Our working days are filled with video meetings at the moment. Zoom, Teams etc have made many working lives manageable during the pandemic. But……do you ever get the sense that even though you’re meeting people regularly over video, and they’re meeting you, you might actually be seeing less of them? And being seen less yourself?
In the film “Back to The Future”, the lead character Marty, has in his possession a picture of his family. When events in Marty’s 1955 threaten the future, one by one, each member of his family begins to fade from the photo. When he notices this, he takes action so that the future can be as it is (with a few twists as it turns out) and the individuals reappear in the picture.
Recently, one of my clients framed this rather elegantly in the question: “Who are we when we meet? And who are we meeting?” This made me think about how we might go about restoring ourselves to the picture? Technology brings us together. But how do we show up when we get there?
Work has changed
It used to have tangible, concrete qualities. It had a place. You left home and made a journey to that place. There were colleagues, physically around. Work was punctuated by moments of exchange, collaboration, spontaneity. Then you’d leave and head home.
You can recreate some of these things. Clear a place in your home for work. Go for a walk around the block to recreate the commute.
What about the interactions, the ‘bit in the middle’?
How do you recreate those? Technology is helping. You couldn’t imagine working remotely at all without Zoom or some of the other collaborative applications available. But they don’t fully restore us to the picture. We need to do that for ourselves, by showing up as individuals. If we can work out how, we can appear more vividly in the picture for us and each other.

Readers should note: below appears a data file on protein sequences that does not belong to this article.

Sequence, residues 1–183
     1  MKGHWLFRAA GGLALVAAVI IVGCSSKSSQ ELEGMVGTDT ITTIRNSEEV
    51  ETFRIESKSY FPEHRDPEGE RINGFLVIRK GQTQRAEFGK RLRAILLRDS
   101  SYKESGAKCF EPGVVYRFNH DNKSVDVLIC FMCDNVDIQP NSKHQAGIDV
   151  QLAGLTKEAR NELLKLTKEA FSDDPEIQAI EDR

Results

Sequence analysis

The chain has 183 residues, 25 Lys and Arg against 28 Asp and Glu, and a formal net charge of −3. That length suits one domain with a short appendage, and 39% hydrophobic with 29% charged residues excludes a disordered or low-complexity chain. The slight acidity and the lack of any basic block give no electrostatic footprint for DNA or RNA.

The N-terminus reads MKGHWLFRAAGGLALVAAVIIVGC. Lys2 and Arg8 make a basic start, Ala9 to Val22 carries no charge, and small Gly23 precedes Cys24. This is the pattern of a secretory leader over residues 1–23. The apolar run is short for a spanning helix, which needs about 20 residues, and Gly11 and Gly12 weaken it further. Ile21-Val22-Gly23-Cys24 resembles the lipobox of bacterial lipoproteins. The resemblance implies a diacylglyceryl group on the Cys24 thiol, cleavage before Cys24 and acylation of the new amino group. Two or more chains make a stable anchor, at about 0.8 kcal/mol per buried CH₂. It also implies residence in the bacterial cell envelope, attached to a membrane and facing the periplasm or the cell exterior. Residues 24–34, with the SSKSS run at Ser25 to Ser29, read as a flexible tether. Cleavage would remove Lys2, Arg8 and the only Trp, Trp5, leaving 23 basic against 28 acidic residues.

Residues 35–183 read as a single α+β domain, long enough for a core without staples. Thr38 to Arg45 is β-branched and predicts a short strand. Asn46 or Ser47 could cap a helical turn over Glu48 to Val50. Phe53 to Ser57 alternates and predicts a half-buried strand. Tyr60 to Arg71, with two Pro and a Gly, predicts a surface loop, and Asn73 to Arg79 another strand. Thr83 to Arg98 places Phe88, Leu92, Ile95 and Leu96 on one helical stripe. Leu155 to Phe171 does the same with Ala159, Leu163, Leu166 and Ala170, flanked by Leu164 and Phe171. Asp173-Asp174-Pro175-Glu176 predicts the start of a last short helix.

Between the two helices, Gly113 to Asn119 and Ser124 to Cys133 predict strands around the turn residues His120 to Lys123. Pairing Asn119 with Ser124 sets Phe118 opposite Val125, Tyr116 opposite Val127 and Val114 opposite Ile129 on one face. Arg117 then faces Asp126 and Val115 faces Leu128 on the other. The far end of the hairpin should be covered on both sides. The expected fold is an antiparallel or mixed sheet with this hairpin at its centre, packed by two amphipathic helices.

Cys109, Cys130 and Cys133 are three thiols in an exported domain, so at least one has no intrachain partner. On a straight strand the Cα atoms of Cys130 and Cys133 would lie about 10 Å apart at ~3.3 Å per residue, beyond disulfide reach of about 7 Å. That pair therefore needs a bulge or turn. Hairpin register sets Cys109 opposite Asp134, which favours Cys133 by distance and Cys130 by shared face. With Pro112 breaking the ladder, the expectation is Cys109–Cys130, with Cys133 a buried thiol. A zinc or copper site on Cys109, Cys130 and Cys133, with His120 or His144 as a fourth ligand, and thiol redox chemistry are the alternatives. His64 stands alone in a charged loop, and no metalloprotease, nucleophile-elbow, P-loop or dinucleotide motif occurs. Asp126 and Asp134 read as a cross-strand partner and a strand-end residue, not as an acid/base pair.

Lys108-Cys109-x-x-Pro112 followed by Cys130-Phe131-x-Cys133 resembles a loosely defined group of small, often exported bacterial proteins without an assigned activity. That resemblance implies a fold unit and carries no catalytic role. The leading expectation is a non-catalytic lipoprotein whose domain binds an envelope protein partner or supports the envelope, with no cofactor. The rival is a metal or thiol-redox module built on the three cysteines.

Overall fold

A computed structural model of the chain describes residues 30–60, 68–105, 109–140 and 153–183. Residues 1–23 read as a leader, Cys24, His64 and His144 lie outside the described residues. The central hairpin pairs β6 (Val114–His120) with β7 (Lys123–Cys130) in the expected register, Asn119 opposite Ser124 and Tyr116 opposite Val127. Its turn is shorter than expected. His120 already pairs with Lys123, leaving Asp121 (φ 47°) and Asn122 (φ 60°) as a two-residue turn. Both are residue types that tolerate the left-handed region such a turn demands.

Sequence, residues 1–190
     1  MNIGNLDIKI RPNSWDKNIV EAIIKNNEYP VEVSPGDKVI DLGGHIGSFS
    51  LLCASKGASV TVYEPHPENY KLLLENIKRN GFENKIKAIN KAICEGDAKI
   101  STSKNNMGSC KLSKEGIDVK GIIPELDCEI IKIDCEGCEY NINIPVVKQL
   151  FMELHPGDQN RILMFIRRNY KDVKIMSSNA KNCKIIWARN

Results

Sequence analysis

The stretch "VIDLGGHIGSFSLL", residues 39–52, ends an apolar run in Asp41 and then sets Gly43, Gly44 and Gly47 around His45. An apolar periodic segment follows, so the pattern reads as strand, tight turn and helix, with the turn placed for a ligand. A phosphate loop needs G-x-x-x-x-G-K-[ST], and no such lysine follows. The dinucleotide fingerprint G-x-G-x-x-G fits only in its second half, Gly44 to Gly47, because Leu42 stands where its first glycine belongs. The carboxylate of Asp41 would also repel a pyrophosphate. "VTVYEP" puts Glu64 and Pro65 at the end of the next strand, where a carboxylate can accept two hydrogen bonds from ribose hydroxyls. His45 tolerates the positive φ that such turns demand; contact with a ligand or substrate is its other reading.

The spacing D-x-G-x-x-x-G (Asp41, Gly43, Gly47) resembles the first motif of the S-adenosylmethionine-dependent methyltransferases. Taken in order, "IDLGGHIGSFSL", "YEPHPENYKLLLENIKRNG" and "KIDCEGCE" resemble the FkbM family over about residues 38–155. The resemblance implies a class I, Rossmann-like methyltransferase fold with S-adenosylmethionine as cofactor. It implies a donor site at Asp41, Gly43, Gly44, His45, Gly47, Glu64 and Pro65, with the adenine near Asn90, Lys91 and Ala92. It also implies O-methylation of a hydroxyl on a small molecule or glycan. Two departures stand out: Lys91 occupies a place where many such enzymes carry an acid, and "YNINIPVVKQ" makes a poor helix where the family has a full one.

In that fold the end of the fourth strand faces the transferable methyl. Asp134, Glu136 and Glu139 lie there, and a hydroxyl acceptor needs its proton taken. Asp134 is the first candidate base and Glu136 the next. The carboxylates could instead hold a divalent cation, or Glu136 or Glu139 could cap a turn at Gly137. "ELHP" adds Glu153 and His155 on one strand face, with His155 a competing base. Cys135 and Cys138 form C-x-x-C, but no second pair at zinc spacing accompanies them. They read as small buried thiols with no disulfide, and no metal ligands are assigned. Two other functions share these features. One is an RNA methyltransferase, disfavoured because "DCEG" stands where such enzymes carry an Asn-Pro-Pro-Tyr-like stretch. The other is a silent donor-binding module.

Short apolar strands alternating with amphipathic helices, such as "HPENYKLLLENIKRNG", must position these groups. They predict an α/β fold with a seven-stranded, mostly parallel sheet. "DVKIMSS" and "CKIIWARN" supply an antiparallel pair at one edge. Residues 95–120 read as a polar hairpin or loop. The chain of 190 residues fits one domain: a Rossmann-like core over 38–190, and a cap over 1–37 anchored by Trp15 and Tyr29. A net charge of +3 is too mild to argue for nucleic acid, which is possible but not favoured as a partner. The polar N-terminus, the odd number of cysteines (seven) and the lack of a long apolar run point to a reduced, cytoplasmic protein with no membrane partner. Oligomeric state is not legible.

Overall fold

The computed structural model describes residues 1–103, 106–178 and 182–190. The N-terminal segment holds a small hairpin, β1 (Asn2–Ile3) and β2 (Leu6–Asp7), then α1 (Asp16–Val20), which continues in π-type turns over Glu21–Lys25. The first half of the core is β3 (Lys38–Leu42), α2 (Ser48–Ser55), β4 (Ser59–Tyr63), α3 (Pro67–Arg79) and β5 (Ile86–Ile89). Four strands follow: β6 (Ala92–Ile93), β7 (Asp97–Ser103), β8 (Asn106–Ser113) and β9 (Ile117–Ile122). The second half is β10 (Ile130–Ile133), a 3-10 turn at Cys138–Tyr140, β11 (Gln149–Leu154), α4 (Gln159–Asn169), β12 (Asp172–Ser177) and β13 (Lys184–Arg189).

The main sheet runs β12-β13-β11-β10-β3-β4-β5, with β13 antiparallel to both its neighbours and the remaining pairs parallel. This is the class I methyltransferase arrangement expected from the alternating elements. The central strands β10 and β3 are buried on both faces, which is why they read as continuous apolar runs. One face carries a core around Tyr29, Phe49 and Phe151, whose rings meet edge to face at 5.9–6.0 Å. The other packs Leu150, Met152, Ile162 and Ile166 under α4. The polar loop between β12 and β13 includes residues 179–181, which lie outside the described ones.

Painting yourself back into the picture
Here are some areas to explore that can make you appear more brightly to others, and others more brightly to you. It’s about giving your….
Attention: this is not the hypnotic scrolling that we sometimes mistake for attention when we encounter a screen. This is about paying proper, human attention. Attend to the person or people who show up, as you would in a physical encounter. Make time for ‘hi’s and how are you’s’. And then show….
Curiousity: listen and ask a question, make a comment in response to what they’ve said. Show that you are there, that you heard them. And while we’re on listening….
Expand it: turn your own inner voice down and tune in to the words of the speaker. Allow them to finish. And listen for the ‘pin dropping moment’, a phrase or word or pause even, that hints at the possible meaning behind their words. And talking of words….
Speak easy: When it’s your turn to speak, be easy to listen to. Say less. Say it more slowly. Leave gaps. Allow your listener to stay with you. To enjoy listening to you.
By working on how you can give more in these four areas and you’ll get more in return. Take this thinking and turn it into an experiment. You’ll find yourself becoming restored to the picture. And you’ll do the same for your colleagues.
Would you like to be supported to get more comfortable with communication over a screen? For an informal chat about how coaching could help you get there, get in touch here.